Notice that there is no vowel point under the פּ. This should probably be considered to be because of the fact that Hebrew is usually written without vowels, but I've never seen it written with a vowel there (at least with all the other points being the same), and in Yiddish this symbol is called a "melupm vov." Would it be feasible in a completely "mechanical" transliteration/transcription (i.e. one where every letter/sound is always written the same in Latin characters) to write a short vowel like "i" or "u" there? If not, can you give me a source for it being written "m'loopm"?
וּ niqqud is called "Melopum" (מלאפום) in Ashkenazi tradition.
In A Comprehensive Etymological Dictionary of the Hebrew Language for Readers of English, 1987, by Ernest Klein, the word מלאפום is found on page 348:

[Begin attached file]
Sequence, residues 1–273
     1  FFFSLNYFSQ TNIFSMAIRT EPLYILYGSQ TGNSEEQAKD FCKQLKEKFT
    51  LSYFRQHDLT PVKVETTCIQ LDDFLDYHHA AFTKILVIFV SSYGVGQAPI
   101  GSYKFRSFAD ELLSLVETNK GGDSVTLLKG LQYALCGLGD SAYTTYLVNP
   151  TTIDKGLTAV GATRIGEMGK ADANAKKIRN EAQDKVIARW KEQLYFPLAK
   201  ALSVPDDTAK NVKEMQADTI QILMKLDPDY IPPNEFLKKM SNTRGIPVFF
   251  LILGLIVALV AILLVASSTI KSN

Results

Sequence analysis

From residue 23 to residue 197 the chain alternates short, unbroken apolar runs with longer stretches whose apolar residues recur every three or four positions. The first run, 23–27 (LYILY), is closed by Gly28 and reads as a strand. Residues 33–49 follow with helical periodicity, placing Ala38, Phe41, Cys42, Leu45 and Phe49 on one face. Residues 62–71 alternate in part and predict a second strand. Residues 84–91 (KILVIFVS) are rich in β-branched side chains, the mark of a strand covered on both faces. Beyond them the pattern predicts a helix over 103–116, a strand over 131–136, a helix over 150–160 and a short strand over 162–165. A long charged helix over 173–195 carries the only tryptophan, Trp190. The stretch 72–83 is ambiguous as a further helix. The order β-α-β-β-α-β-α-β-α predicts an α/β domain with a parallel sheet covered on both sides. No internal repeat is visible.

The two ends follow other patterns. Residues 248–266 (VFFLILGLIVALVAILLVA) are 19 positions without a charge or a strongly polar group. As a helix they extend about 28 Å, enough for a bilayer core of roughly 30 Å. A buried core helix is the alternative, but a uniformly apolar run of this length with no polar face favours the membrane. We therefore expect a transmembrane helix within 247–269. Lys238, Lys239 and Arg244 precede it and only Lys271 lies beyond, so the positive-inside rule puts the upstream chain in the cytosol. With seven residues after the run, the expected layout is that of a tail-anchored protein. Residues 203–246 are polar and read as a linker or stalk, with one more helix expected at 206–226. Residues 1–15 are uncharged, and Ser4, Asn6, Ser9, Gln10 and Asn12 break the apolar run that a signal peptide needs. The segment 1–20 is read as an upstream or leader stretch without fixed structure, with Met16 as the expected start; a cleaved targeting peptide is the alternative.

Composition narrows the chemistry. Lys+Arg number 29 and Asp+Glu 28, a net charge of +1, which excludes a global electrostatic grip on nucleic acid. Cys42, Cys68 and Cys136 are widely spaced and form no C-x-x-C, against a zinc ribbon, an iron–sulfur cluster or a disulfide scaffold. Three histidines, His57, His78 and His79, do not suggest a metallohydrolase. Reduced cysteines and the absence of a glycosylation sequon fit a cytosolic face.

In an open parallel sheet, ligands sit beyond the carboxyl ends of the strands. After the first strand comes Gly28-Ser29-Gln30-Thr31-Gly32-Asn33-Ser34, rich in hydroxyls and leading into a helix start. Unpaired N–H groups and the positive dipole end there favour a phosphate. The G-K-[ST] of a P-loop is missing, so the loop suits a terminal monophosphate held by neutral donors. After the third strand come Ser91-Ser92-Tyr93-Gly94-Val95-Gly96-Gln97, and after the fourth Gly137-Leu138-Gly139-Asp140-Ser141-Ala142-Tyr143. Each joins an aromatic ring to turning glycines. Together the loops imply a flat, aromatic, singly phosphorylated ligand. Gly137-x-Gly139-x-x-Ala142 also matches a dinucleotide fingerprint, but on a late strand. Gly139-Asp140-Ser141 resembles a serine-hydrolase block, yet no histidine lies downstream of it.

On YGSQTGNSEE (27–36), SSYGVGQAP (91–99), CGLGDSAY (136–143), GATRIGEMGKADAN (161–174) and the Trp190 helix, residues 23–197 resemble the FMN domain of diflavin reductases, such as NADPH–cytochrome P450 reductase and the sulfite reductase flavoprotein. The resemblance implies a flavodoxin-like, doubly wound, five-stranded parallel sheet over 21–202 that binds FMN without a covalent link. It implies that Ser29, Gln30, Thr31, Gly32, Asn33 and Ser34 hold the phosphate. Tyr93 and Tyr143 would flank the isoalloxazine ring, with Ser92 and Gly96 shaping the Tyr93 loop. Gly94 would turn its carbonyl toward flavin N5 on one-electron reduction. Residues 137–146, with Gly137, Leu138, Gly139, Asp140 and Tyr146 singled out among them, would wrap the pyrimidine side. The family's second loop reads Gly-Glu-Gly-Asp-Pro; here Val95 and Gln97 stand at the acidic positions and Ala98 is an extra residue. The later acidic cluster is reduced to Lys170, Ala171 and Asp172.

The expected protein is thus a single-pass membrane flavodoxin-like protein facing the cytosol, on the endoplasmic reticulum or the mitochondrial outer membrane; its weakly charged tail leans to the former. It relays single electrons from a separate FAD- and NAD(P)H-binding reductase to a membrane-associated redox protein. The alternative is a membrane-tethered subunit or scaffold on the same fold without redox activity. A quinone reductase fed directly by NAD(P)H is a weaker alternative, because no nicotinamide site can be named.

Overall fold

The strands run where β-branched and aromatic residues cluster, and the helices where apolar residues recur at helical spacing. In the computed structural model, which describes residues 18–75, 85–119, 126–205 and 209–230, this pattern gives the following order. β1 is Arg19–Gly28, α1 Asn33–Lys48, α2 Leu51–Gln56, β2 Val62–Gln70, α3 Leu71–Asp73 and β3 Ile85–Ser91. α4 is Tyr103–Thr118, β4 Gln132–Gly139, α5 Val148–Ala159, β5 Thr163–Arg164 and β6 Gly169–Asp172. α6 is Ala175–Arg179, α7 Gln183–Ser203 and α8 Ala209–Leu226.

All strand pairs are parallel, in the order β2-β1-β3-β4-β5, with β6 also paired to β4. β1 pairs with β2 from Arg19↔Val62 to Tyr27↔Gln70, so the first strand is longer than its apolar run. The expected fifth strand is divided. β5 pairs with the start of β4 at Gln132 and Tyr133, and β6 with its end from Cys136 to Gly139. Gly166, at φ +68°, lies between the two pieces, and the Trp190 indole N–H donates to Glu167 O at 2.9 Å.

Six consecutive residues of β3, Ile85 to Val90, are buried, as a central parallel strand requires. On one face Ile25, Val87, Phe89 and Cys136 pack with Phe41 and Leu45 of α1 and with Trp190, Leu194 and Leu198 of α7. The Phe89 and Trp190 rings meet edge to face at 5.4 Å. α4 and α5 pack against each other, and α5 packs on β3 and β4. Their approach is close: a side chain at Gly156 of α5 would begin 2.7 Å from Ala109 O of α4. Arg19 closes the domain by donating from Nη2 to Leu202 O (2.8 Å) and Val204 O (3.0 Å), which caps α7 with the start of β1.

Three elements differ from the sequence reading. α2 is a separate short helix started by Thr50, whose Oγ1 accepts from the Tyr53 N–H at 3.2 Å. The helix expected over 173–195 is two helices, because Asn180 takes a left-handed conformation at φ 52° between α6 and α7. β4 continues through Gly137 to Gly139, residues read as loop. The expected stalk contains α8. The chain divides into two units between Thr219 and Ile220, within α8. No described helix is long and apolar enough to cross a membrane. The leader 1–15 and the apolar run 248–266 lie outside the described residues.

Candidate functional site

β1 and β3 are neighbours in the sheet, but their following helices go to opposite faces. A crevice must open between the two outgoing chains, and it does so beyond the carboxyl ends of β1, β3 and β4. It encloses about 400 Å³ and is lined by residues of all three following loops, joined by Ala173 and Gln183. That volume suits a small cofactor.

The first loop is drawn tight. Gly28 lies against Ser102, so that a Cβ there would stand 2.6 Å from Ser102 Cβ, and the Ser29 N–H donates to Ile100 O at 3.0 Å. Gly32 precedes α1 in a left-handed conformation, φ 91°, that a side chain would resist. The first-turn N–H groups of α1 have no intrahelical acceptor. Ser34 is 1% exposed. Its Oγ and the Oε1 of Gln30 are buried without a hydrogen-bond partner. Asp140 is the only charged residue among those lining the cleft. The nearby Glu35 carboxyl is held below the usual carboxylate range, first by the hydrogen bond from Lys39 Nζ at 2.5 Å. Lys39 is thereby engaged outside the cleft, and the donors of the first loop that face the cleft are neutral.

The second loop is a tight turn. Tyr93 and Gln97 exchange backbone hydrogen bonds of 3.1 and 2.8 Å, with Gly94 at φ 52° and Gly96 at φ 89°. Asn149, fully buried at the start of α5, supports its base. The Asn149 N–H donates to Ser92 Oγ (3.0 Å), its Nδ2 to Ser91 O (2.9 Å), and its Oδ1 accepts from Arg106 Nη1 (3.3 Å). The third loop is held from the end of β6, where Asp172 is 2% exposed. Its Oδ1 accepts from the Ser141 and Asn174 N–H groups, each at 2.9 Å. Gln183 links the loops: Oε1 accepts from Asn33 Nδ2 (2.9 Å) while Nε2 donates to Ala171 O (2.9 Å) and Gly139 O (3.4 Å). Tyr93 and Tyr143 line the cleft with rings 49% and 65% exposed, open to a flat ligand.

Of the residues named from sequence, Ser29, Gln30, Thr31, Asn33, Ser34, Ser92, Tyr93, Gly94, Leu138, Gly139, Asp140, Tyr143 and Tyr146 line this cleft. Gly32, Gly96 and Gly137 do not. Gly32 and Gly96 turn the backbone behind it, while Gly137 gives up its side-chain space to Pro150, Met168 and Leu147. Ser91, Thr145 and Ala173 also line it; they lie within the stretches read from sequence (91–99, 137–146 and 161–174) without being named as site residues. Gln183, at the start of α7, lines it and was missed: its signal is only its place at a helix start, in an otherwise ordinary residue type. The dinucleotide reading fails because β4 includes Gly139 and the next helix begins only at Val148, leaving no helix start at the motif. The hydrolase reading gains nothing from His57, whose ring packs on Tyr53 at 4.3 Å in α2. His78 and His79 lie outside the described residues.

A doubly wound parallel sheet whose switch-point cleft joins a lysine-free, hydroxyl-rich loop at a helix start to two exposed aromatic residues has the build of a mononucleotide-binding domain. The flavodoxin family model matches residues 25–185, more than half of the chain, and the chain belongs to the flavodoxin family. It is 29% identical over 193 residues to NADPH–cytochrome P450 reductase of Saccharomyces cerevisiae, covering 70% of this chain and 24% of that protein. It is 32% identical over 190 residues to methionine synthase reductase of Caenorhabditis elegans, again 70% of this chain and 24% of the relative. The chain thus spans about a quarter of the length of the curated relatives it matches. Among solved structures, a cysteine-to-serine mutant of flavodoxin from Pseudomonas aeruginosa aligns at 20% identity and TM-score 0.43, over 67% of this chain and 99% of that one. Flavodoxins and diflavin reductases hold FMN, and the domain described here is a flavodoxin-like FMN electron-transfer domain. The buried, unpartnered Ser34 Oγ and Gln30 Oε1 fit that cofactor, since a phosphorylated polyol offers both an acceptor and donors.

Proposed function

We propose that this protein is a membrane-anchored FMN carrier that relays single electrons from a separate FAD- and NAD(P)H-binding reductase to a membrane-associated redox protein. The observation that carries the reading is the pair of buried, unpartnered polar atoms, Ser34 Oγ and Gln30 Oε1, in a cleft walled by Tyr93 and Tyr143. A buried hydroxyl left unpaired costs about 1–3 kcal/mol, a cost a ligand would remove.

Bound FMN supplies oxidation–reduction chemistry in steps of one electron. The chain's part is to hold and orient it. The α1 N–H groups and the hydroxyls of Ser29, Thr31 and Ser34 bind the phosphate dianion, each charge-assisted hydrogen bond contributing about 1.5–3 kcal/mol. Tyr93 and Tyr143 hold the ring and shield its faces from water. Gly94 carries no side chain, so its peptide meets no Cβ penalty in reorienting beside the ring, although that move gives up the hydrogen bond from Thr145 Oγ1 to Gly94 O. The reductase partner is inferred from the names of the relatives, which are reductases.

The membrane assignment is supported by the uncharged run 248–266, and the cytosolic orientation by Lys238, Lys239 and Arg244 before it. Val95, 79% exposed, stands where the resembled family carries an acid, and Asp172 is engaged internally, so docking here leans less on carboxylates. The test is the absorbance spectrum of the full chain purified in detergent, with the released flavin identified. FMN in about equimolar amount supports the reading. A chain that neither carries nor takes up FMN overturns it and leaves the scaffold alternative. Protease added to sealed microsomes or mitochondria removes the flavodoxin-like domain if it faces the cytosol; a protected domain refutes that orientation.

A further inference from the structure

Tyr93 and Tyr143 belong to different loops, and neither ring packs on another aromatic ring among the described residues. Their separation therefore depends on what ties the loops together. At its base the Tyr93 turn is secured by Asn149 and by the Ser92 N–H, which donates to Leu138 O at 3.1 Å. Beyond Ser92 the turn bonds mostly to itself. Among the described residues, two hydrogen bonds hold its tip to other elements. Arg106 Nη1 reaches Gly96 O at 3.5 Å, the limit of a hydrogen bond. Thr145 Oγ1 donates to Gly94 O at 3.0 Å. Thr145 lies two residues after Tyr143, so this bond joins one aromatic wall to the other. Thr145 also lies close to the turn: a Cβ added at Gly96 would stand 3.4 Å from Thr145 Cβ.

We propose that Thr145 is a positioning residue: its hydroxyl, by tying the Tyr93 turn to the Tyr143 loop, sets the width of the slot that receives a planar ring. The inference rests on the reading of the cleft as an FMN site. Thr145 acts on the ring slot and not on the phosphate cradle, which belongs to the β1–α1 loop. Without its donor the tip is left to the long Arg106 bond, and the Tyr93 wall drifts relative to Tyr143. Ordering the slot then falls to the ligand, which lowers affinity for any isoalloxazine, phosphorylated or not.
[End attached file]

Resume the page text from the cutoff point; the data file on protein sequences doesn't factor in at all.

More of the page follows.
Your variant, מלאופם, is absent in that dictionary.
As you can see, the word in your picture has the
וּ before פּ, while Wikipedia and Ernest Klein's dictionary have it after פּ. Whatever the reason, Google search gives 3,440 results for מלאפום vs. 66 results for מלאופם. Either your variant is real, but extremely rare, or it's just a typo, 2 letters switched, וּ and פּ, which is a common thing.